We’re moving very soon, so packing and de-cluttering have been a daily chore.
I take great pleasure in getting rid of things. There was the ornate couch in the cellar that we planned to reupholster some day. The day never came, and in the words of Oscar Madison, “Now it’s garbage.” I pulled a box of baby toys from the attic, where they’d sat since the day we moved in more than 20 years ago. Bags of old clothes, musty books and a vast assortment things that once seemed like a good idea. The guy at the dump? We’re on a first name basis.
But amid all the stuff, are some things that move you, like my son’s journal from when he was seven.
Some things you must let go, and some things you must keep. Choose carefully.
It’s easier to get things than get rid of things. Case in point, the weight machine in the basement.
I’m moving soon, so it had to go. Fortunately, someone bought the thing off Craigslist for $50 — but now to move it out of the fu*king cellar.
It was instantly obvious that there was no way it originally arrived downstairs in one piece, and we had to tip it sideways to avoid low hanging duct work and pipes. But the highlight of this endeavor? That was when we got stuck on the stairs. Should we go back down? No, hand me the ratchet set so I can remove this part. And that one — all while balancing it on the steps. Did I mention I was on the bottom? Good times.
Maybe I should have offered it to the people buying our house; indeed, I think I might have paid them to keep it.
Once it was in the garage, it hit me. “That’s the best workout I’ve had with this thing in years.”
One day it’s the overwrought prose of this week’s Joe Bruno profile, and the next, a story so bad it looks like it was written by a fifth grader.
Case in point, a hilarious story I read this morning titled Vehicle strikes Colonie tavern; apparent burn victim. Who could resist a story with such a puzzling headline? Readers were rewarded with passages like this:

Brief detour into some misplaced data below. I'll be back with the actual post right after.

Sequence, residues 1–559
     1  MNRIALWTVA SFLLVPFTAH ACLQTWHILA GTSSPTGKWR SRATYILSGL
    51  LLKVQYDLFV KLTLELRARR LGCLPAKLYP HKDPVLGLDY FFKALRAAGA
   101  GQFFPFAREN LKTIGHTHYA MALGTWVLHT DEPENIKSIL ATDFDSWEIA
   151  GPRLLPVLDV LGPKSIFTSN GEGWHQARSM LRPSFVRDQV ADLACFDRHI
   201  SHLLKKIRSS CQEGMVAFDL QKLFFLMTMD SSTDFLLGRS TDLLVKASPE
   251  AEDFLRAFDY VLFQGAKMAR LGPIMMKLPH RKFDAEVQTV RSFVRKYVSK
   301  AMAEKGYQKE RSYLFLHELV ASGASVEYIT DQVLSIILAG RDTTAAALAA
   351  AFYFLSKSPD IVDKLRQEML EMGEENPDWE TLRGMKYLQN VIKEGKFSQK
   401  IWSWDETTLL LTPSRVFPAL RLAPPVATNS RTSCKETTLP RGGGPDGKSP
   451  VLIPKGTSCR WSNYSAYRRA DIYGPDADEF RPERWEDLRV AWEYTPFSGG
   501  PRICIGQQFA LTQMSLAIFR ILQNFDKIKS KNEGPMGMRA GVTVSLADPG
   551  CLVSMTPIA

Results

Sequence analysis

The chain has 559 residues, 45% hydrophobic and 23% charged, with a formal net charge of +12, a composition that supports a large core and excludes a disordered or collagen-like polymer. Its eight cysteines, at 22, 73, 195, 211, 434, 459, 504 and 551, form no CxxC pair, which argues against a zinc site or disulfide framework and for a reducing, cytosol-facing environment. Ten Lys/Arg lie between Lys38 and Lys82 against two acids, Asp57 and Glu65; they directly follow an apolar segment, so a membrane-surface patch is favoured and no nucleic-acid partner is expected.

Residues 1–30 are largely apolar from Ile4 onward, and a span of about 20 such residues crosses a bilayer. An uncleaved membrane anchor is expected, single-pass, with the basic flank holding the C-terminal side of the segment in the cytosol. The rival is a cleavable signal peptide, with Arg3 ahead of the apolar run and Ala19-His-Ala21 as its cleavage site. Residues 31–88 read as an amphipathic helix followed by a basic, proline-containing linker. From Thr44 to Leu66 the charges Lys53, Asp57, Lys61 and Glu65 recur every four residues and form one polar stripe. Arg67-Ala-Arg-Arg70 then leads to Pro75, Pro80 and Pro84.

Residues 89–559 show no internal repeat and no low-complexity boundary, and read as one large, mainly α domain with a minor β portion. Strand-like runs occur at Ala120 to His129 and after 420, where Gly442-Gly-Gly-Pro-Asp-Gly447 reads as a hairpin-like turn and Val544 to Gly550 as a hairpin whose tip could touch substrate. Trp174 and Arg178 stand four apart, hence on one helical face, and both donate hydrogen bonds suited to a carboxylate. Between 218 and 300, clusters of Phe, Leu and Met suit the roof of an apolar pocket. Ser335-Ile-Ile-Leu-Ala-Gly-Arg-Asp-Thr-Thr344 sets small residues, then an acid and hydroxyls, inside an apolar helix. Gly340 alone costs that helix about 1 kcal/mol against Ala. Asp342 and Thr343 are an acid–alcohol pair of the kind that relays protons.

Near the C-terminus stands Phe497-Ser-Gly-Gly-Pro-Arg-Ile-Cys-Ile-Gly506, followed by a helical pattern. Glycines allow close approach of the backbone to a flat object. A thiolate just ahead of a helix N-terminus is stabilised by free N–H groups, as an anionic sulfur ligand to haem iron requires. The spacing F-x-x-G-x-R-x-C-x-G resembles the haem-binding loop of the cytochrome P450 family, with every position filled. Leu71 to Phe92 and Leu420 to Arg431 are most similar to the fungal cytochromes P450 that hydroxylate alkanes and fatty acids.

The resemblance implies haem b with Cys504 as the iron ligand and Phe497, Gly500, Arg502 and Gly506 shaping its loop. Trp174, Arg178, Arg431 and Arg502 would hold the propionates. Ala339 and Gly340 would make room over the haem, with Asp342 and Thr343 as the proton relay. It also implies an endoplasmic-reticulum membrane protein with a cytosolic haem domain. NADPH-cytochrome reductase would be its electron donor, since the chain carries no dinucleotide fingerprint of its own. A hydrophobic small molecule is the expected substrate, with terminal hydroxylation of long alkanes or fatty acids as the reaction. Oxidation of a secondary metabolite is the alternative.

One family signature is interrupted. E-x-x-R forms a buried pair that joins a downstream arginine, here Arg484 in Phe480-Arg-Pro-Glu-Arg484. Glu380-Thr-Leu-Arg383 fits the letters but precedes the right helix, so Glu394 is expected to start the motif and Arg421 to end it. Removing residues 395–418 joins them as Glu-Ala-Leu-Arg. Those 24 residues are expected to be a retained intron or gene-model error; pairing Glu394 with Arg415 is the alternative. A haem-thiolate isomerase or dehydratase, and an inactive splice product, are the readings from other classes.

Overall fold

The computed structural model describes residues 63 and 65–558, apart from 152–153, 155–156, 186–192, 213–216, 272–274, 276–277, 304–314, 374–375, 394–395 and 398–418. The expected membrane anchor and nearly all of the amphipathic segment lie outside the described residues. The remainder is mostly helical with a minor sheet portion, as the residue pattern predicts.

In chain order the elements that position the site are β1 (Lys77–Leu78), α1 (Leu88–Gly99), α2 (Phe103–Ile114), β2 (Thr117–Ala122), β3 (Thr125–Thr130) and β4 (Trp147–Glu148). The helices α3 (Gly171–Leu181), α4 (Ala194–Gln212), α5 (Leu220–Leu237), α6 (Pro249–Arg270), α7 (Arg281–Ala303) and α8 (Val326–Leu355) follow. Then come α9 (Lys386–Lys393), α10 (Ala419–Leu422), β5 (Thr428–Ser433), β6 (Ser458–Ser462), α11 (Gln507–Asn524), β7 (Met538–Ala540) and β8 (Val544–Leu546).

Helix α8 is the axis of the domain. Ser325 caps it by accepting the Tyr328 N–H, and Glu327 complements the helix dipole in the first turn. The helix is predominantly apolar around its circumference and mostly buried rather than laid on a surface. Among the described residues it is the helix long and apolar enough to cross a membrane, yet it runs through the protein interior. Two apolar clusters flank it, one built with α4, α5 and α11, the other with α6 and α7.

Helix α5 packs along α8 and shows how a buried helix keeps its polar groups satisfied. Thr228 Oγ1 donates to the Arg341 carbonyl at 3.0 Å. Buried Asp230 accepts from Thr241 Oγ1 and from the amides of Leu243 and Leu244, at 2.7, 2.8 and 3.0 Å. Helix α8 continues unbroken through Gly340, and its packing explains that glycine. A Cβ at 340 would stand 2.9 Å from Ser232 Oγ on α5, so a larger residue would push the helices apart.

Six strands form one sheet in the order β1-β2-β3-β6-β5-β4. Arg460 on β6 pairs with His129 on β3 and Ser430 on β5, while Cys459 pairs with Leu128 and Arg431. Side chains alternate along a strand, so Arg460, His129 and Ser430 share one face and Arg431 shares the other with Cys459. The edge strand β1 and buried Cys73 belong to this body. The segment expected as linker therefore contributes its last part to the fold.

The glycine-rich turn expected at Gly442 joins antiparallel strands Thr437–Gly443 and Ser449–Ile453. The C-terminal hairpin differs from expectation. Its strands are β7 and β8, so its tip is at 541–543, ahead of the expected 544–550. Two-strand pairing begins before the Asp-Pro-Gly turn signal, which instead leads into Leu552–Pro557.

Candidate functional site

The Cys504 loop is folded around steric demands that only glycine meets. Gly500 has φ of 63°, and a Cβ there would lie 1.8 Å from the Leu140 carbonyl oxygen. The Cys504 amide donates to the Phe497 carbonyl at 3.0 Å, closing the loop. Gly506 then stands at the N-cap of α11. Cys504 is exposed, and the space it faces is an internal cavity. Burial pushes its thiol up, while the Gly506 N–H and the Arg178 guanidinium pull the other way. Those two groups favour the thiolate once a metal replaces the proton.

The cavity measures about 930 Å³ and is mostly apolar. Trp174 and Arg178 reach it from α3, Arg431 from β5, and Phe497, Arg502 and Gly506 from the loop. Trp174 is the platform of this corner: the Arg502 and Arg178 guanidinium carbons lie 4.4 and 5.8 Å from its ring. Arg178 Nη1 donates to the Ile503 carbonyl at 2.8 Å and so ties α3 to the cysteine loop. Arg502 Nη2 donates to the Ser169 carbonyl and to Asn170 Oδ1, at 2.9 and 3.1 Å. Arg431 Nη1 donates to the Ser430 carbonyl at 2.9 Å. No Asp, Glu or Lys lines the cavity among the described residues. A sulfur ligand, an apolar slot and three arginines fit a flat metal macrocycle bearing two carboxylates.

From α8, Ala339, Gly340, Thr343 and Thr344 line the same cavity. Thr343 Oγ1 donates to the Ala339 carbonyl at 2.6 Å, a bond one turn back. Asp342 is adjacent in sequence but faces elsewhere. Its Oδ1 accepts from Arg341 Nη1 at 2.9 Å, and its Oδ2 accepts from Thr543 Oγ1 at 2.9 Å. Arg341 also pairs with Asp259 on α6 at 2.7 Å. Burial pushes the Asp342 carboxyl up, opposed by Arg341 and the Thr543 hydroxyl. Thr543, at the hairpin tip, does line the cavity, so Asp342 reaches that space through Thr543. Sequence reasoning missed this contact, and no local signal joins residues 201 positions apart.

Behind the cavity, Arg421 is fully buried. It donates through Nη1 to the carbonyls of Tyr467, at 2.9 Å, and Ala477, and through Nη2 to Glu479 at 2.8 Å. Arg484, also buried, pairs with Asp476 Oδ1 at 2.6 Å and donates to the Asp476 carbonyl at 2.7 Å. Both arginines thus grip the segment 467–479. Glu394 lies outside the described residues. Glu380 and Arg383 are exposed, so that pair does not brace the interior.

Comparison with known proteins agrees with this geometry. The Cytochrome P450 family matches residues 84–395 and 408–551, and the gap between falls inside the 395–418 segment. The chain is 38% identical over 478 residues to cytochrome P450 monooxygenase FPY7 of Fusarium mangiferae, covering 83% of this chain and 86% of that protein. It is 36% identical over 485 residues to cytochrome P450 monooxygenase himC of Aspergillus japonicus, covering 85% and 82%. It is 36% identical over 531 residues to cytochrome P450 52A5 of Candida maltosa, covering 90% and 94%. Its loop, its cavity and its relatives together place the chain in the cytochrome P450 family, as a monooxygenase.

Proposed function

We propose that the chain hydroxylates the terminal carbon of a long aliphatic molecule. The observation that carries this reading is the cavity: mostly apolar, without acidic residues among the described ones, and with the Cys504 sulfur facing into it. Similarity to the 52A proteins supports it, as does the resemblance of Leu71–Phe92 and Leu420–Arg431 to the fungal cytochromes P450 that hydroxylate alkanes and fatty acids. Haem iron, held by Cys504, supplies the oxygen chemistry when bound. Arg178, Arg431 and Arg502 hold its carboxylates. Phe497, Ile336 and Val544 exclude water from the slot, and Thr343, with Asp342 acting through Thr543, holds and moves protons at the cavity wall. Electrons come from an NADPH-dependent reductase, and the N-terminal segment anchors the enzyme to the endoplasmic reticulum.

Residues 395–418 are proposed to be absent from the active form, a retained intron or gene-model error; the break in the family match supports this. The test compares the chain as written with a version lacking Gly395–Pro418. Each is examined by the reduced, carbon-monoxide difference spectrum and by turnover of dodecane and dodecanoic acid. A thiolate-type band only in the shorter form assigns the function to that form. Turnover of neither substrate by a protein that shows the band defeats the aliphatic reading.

Steve Cheslow, a Times Union employee who was at the tavern, said he heard “a big boom.” One man was rolling on the ground. Everyone was concerned about the cook in the kitchen. There was panic, worry and chaos, and everyone was told to get out, he said.
You can read the whole thing here; I saved a PDF because this story won’t last long on the website before being cleaned up or deleted. On the up side, we are offered some interesting details:
“It just went ‘poof!'” said patron John Ashley, who was with his wife. He said he tried to get the man to safety. The fire happened during the popular karaoke night.
Well, no need to worry about the radio stations swiping this story and reading it on the air. For them it would need too much re-writing.
Maybe you’ve seen David Cronenberg’s film Scanners, you know, with the exploding heads? Well, I thought my head would explode as I was trying to juggle four instant messenger conversations at the office on Friday. When did work get so insane?
Naturally, when I spotted this item in the Vermont Country Store catalog, I was nostalgic for simpler times.
“A pace that lets you think.” Hmmm, I really need that — no, maybe we all need that. I don’t know about your job, but my days lately are fractured by so many meetings that there’s precious little time to sit at my desk and get work done. Doing things at a pace that lets you think would be luxurious.